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BOOZY OR BOOZE-FREE? The Blind Elephant introduces mocktail program, prepares for bartenders’ competition

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The Blind Elephant has started a new mocktail program at their downtown bar. Photo by Brian Lantz


The booze-free bar scene is gaining traction in larger cities like New York, but local bar owner Ashley Tipper thinks Wilmington is ready to start exploring mocktails as well. She was watching the news one night when she saw a special about the insurgence of mocktail pop-ups in the Big Apple. While she was skeptical at first, she came around to the idea. Now, folks can sip a delicious, thoughtful, alcohol-free concoction at the Blind Elephant.

“I started going through my mind and thinking of all the times someone has ordered something from me [without] alcohol, and how they ordered it,” Tipper explains. “The approach they took made it seem like they were embarrassed.”

It’s quite a quagmire when you considering The Blind Elephant’s motif is a speakeasy. Whispering nonalcoholic drinks to a bartender seems backward.

National trends suggest people are leaning away from a nightlife solely rooted in booze. So many are focused more on  a health-conscious lifestyle, therefore, it makes sense for cocktail bars to match their pace with an increasing number of mocktail programs. The Blind Elephant won’t be handing over their ABC license any time soon, but definitely wants sober people to have more options than the classic soda water with lime or cranberry.

The bar rotates their cocktail list every two months, and with it moving forward, a mocktail list will join the shift. For now they’re featuring two mocktails per rotation, but Tipper anticipates its expansion in the future.

She leaves it up to her bartenders to build the list each month. It’s a fun way to create friendly competition and encourage creativity. They use ingredients, teas and tinctures to tickle the tastebuds. To create the mocktails, Tipper looked at what ingredients would be in the bar for the duration of the current menu and built it from there. Right now they’re offering Bella’s Blues and Georgia Juice. The former is made of blueberries, orange blossom honey, lemon juice and house-made ginger beer. The latter comes with peaches, coconut creme, fresh orange juice, saffron and turmeric tea, with lemon juice. Drinks cost $7 each.

“Both are perfect for summertime,” bartender Kate Branagh says. “They’re great because they’re more complex than just a juice. And that’s what we’re going for with the mocktails. Ours are more of an experience.”



Mocktail sales haven’t been sky-rocketing, but Tipper has faith that, as the trend grows stronger, patrons will catch on. She’s already looking to source more ingredients to keep the libations fresh and interesting. There are rumblings of apricot compote in one of the fall mocktails.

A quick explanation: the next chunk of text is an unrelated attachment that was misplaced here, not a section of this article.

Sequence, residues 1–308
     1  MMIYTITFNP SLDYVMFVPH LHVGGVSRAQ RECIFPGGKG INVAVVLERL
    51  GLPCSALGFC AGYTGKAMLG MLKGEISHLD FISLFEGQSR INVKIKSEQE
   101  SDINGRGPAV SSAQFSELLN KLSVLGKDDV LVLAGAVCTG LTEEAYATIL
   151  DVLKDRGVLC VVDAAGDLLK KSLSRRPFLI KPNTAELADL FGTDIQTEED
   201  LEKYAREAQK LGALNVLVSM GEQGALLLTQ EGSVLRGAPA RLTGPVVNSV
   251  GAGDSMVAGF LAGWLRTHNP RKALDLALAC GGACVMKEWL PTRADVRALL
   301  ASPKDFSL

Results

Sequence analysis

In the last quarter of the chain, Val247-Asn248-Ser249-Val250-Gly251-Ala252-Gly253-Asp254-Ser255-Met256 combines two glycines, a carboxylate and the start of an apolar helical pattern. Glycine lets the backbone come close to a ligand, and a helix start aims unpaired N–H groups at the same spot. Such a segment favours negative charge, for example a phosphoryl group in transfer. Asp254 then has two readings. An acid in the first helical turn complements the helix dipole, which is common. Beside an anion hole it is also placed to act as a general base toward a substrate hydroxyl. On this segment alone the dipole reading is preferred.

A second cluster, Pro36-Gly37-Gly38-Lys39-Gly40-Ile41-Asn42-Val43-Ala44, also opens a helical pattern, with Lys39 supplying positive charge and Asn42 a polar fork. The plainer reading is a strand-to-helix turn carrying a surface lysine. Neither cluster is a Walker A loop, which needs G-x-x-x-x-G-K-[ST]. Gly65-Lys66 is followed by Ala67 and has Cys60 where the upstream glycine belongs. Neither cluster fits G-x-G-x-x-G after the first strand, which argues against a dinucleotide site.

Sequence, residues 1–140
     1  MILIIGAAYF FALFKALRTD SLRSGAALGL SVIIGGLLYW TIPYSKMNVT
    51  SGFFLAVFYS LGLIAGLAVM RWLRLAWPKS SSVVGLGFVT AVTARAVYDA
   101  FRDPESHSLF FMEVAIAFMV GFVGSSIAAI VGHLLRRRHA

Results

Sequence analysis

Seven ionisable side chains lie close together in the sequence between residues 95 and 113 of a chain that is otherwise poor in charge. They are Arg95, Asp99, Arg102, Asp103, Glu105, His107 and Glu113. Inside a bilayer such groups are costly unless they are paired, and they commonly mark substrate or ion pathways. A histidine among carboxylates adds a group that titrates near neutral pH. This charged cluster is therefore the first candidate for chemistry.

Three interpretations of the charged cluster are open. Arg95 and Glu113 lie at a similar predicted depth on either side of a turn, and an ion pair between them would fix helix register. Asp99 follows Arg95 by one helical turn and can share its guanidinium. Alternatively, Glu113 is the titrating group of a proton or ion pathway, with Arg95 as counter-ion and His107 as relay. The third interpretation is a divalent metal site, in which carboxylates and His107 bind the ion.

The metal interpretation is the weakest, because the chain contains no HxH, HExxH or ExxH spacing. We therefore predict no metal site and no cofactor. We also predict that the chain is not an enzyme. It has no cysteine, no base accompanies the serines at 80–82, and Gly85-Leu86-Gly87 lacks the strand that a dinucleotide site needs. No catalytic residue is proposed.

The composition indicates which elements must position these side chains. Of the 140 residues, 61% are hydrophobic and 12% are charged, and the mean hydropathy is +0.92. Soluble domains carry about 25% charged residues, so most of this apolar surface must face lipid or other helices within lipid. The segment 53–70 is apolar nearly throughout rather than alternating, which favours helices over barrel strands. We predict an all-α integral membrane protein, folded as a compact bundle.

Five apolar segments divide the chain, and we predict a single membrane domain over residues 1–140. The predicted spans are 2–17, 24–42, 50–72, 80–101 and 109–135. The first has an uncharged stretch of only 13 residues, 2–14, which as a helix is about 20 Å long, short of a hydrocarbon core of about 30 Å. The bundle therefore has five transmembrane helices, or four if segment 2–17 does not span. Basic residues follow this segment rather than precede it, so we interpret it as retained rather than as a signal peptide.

“Something tells me the other bars will be following suit on this soon,” speculates Tipper. “But it’s nice to be the first.”

Any of the beverages on The Blind Elephant’s list could, in theory, be made without alcohol and supplemented with soda water. Having a separate list is much more hospitable, which is the name of the game.

“We didn’t want to take a lazy approach,” she explains. “We took time. We tested them, moved them, changed them, gave them names. Bella’s Blues is actually named after our bar manager’s daughter who’s got the most beautiful blue eyes.”

Tipper also notes she’s noticed the bar scene shifting toward a more “sophisticated atmosphere.” With fewer people going out just to catch a buzz, she finds bar patrons want a place where they can sit down and have a conversation.

The Blind Elephant doesn’t have plans to go full-mocktail, but Tipper does hope her program catches on and anticipates an uptick in mocktail lists around the city. Even for patrons who are down to booze in the evenings, the alcohol-free mixed drinks offer an option to keep the party going, keep it delicious, and steer it away from a hangover the next morning.

“I can’t speak to all of the other bars,” she explains, “but I’ve noticed there aren’t as many shots being ordered. The number of dance bars where drinks like vodka and Red Bull dominate are dwindling. If you look at our busy times, by midnight we’re relatively slow, which speaks to the kind of drinkers who are going out.”

Fans of the The Blind Elephant’s cocktails will be able to join them on August 11 for a Craft Cocktail Bartenders Competition. Mixologists from The Blind Elephant, Tails, Whiskey Tango Foxtrot, Varnish, Penthouse and KGB will battle it out per skill and Absolut Vodka. Tickets are $10 at the door and come with samples of all of the contenders’ cocktails. Participants also decide who walks away the victor. The Blind Elephant can’t disclose what cocktail they’re planning to bring the heat with at the competition, but folks on the fence of attending can rest assured because these people are professionals who take their craft seriously.

Once more bars in the city churn up their own mocktail menu, who knows? A competition may be hot the heels for them, too.

Craft Cocktail Bartenders’ Competition
August 11, 7 p.m. • $10
Absolut Vodka shake off between mixologists from The Blind Elephant, Tails, Whiskey Tango Foxtrot, KGB, Varnish and Penthouse
The Blind Elephant, 21 N. Front St., F

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